I just read Debbie Tuttle’s new book, Wealthy in the Woods. I love the how she connects the woods – nature – with wealth! She reminds us that there are many aspects of wealth beyond an accumulation of money – health, emotional and mental wellbeing, rich connections with others, for example. Her book reminds us that nature is a great resource for connecting to the other definitions of wealthy.
For me, that meant walking to the stream and discovering what pollywogs, frogs, crayfish and small fish were hanging out. And riding my bike, feeling the wind and noticing the clouds. Looking for what’s in bloom. Playing kickball in the street with other kids in the neighborhood.
What memories do you cherish about playing outside as a kid?
When I was a kid, we had fewer electronic gadgets to play with. We listened to AM radio, vinyl records and enjoyed three channels on the TV – which turned off at midnight!
In this age of electronic play toys, my Dad’s advice seems even more relevant.
I learned about ecopsychology when I read Wealthy in the Woods. Ecopsychology merges ecology and psychology. It studies how nature enhances our physical, mental and emotional wellbeing. Dad clearly realized that outside playtime was important for our wellbeing.
Have you heard the term coined by the Japanese forest service to express ecopsychology – forest bathing? Forest bathing encourages people to spend time in nature because it improves physical and mental health. If you’ve meditated, you might even think of it as moving meditation. We can feel calm, centered and grounded. Many times, we reawake to the goodness of life.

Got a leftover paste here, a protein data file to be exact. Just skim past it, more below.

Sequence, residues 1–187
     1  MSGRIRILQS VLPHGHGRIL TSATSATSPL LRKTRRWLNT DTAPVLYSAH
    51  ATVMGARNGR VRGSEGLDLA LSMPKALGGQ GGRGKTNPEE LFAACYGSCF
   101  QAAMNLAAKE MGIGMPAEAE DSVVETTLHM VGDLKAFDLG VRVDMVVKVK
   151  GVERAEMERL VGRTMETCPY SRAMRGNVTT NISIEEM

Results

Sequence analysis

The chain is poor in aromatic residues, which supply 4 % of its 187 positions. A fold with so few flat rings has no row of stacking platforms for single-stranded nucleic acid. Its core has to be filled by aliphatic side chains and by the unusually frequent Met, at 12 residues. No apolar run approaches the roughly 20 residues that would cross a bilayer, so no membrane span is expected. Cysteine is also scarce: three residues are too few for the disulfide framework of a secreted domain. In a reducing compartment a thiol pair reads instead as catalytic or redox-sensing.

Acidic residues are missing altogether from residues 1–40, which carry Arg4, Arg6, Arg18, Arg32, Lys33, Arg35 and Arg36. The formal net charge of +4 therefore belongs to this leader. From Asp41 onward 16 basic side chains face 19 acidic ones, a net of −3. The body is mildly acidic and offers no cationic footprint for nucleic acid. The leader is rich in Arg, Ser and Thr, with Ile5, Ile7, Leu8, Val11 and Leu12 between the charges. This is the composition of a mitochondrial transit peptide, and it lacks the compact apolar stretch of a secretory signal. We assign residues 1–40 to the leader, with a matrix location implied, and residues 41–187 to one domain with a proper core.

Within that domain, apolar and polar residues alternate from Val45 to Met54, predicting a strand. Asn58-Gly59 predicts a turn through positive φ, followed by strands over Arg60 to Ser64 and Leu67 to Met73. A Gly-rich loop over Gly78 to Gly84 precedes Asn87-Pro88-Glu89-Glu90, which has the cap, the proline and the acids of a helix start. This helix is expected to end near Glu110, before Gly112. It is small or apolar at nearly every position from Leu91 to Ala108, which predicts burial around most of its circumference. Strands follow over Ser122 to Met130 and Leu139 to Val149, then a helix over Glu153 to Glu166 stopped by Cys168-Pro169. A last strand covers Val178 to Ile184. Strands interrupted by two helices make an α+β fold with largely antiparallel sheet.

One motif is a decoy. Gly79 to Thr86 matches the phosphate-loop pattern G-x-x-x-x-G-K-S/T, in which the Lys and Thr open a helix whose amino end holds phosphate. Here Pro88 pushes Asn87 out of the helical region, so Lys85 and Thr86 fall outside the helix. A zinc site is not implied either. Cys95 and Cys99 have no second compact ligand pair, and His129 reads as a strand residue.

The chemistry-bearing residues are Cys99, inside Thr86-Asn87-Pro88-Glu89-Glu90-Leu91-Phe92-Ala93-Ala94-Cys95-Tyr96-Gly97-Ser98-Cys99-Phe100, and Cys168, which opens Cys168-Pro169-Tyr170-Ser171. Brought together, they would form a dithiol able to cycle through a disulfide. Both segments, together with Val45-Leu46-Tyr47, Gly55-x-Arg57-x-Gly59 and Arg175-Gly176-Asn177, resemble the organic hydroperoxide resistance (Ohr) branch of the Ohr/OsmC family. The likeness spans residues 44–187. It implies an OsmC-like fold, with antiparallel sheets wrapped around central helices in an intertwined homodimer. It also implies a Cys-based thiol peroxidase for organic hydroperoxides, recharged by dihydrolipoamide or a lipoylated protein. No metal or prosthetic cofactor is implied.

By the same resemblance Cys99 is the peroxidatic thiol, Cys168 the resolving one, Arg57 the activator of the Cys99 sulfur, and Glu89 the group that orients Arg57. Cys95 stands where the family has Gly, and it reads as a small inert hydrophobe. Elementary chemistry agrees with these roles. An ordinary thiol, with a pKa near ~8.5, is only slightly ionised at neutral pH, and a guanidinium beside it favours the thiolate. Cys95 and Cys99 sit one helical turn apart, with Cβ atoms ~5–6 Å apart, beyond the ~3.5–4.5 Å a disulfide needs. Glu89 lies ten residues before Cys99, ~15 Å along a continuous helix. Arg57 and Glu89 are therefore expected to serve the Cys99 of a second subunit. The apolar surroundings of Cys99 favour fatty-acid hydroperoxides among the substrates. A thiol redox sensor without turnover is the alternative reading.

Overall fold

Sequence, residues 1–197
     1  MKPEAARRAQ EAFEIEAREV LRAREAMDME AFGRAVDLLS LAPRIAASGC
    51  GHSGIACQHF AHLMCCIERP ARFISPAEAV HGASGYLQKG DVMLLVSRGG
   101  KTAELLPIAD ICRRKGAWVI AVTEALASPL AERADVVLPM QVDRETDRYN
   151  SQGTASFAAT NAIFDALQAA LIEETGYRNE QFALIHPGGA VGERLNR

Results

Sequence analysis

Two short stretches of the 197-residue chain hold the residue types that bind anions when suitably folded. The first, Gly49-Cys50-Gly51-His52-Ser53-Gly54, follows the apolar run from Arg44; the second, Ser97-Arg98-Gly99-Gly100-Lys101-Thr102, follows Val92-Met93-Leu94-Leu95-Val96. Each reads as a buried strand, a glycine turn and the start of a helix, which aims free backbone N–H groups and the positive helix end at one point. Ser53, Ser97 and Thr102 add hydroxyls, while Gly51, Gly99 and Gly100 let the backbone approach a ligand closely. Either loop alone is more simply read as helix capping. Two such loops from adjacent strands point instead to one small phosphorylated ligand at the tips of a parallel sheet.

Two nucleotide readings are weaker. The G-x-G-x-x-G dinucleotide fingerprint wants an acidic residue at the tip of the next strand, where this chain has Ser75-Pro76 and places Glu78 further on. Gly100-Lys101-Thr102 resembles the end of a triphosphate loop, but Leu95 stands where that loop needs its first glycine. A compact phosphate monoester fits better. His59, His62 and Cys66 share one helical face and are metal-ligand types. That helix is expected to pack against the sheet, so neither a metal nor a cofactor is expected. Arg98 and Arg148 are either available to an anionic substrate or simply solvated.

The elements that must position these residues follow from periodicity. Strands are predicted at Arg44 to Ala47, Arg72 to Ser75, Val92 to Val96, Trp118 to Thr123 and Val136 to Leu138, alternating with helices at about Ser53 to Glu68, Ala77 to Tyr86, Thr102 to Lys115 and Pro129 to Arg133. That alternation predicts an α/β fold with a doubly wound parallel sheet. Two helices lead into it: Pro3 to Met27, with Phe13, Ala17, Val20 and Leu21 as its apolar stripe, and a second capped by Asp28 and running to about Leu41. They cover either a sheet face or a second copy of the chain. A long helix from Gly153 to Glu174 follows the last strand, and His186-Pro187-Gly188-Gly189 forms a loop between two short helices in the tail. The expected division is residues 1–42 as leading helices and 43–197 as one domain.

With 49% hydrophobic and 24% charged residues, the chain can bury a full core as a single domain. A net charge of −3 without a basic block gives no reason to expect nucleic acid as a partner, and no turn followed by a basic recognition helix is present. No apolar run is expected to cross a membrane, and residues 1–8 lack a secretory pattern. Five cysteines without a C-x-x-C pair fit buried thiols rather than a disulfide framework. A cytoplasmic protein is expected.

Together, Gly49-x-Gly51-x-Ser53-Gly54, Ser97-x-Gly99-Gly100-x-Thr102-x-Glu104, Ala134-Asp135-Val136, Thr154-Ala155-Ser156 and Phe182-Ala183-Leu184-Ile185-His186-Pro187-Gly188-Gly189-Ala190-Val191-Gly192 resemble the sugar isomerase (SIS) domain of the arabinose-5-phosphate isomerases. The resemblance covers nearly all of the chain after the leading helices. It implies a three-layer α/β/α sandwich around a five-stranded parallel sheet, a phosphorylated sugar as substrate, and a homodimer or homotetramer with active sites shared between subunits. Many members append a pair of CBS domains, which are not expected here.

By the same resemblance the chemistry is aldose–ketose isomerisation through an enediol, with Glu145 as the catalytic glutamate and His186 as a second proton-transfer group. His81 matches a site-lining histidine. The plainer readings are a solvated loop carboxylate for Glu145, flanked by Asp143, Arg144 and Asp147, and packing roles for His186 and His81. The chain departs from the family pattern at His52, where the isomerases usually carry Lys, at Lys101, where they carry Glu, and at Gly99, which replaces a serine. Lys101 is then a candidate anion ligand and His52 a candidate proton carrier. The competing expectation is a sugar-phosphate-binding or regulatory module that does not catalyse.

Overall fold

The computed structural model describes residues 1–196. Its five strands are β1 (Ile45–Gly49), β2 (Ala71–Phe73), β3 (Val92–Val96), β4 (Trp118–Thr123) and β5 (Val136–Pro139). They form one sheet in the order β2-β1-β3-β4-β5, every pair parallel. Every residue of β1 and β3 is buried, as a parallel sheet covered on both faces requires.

As an animal communicator, I see our pets as our immediate, personal connection to nature even when we’re not in the forest or on a trail somewhere. I remember that humans aren’t the only species on the planet. As we see or touch our pets and they acknowledge us, we know we’re loved.
The joy my animals find in nature is priceless; I see how good it is for them. I’d go even farther to say that they need to experience nature first hand to feel fulfilled. It doesn’t have to be elaborate. Being able to see outside or even better, through an open, screened window or porch if they’re indoor animals, is good for them.
And it’s good for us to tune into their appreciation of nature. When I remember to walk with my dogs as a team, as a family, I feel the connection to nature even more clearly. When I watch my cats Mac and Shadow focus on what’s going on with the insect life in our backyard, I get out of my head and feel more grounded.
Debbie explained that the use of essential oils is a great way to bring nature into our homes and lives. That’s because essential oils come from plants, the “main ingredient” of woods.
Because of Debbie, I started researching essential oils for my pets. Here are a few ways I use them. (Always make sure you’re using organic essential oils made through a safe process that doesn’t add non-beneficial chemicals.)
In case you forget Debbie’s advice, remember what my Dad, Irv said – “Go outside and get the stink blown off you!”
Watch Debbie Tuttle and I talk about essential oils for animals.